An 18th century cottage which was the boyhood home of Francis Asbury, the first American Methodist Bishop. Asbury is virtually unknown in Britain but has his own statue on the Capitol in Washington. He is considered important in the founding of an independent American nation.
The cottage is furnished in period style, and has memorabilia and information relating to Asbury's life in West Bromwich, America and in the cottage itself. There's also information relating to the rise of Methodism in the Black Country, and links to John Wesley's life and times, and visits to the local area.
The cottage is believed to date from the early 18th century. It is a simple artisan's dwelling, constructed of brick, tile and timber. When it was built, it was part of a short terrace, but the other cottages have since been demolished to make way for the widening of the Newton Road.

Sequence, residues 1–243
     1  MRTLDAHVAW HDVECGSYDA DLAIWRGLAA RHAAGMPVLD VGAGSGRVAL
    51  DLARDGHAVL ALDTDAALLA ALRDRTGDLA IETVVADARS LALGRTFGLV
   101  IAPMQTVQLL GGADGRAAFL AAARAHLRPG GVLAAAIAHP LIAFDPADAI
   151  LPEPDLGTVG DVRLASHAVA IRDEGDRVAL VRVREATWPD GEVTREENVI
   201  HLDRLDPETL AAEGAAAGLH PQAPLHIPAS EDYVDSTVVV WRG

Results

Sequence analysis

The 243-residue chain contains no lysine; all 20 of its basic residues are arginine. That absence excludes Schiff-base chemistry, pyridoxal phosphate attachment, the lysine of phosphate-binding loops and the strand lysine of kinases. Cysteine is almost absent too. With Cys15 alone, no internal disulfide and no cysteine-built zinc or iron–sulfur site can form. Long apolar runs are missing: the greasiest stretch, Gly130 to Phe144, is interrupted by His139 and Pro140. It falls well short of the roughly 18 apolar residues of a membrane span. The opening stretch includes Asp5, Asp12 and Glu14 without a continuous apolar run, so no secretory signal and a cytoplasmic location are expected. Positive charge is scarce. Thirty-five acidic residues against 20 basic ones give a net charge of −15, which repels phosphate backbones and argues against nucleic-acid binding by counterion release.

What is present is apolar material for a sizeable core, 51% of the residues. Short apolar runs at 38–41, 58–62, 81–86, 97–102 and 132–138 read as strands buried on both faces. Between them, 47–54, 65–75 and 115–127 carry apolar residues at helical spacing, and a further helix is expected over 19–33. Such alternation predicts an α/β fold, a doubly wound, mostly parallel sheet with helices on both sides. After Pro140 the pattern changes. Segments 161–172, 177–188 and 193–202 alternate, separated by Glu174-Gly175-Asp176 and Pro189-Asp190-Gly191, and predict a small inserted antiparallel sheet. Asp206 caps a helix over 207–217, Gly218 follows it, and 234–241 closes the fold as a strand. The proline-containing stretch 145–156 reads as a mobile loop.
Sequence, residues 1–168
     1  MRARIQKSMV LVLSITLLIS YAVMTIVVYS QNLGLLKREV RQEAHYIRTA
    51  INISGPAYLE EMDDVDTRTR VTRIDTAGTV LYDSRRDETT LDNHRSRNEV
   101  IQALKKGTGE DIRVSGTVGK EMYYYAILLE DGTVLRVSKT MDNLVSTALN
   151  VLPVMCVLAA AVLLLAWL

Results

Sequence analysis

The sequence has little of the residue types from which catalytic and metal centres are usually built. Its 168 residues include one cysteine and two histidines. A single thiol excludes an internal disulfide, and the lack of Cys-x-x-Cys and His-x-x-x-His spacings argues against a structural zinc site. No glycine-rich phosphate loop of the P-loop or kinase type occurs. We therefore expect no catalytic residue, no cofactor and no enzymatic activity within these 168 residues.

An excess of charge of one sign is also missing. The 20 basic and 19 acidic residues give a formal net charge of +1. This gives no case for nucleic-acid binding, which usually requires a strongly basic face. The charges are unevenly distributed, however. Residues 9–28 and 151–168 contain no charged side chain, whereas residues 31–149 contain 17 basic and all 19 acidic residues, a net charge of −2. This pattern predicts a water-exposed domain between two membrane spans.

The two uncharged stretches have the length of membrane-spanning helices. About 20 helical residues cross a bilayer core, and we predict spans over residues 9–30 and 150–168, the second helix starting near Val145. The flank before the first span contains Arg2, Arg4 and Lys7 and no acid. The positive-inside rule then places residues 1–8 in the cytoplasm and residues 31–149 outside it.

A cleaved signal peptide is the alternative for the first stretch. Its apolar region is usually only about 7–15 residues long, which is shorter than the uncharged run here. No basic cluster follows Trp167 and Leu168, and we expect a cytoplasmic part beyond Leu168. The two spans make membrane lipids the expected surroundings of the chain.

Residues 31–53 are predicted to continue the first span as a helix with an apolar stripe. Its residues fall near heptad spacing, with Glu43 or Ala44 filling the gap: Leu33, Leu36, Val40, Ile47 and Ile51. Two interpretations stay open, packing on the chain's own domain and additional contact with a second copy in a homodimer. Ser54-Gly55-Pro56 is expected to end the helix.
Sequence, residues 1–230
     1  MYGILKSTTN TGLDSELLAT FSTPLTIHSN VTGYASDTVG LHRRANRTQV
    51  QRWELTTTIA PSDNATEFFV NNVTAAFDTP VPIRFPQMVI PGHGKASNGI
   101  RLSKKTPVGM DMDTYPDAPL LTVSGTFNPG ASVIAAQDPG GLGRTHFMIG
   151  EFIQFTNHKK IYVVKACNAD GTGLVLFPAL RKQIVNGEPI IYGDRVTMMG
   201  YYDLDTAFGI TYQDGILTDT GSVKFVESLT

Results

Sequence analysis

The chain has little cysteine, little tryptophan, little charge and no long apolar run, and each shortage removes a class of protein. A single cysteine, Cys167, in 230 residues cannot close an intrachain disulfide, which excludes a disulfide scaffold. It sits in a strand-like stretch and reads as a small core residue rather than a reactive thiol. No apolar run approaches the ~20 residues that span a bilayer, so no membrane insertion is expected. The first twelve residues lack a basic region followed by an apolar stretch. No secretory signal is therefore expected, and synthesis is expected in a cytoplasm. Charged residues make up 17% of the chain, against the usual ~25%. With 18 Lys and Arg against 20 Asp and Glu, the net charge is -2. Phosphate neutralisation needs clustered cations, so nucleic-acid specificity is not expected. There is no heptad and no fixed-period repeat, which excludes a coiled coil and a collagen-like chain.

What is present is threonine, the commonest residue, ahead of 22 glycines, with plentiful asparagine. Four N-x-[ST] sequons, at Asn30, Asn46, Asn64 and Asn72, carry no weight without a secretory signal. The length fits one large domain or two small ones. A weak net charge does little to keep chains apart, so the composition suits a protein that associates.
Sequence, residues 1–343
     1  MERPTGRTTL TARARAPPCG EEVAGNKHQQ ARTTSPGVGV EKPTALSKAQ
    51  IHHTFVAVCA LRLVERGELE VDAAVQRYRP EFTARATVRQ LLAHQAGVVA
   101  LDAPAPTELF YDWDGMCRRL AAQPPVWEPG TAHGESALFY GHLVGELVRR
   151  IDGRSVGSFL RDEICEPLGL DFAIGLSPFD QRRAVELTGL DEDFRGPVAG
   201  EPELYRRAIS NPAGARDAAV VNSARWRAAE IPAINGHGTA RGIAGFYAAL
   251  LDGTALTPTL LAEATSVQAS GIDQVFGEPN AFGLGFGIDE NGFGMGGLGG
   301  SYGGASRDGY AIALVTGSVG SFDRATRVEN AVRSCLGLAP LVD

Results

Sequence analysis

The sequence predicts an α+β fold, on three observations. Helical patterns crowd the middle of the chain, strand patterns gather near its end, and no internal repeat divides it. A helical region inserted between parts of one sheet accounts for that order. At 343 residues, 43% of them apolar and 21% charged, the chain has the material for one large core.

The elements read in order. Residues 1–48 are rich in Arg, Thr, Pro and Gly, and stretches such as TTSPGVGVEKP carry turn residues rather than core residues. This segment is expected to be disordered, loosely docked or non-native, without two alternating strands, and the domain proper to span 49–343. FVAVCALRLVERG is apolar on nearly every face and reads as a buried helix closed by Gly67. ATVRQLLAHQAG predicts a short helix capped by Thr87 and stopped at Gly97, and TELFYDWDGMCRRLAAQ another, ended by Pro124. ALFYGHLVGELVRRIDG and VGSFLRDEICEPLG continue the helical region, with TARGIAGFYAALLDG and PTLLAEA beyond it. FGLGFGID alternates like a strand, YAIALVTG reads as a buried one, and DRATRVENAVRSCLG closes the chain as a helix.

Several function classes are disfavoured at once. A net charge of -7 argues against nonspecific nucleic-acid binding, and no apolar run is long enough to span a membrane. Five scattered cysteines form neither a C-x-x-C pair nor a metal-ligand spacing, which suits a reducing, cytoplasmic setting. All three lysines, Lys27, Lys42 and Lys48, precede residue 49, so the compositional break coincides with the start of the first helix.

The cottage is very small, and has no visitor facilities. Parking is limited to the Malt Shovel public house next door if you're a patron. Access to the cottage is up a flight of steep steps into the garden.
We regret that there is no disabled access at present.
Find out about the accessibility of the site with our access statement
Bishop Asbury Cottage,
Newton Road, Great Barr B43 6HN.
Call: 0121 556 0683 (Wednesbury Museum)
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Open by appointment only for group visits (this attracts a charge and includes an introductory talk).
The cottage is also open on special open days usually in May and September for free (listed below).
Open days for general visitors. Entry Free
sadly there will be no group bookings or general open days in 2020 - however we will be offering a virtual tour as part of Heritage Open Days in September.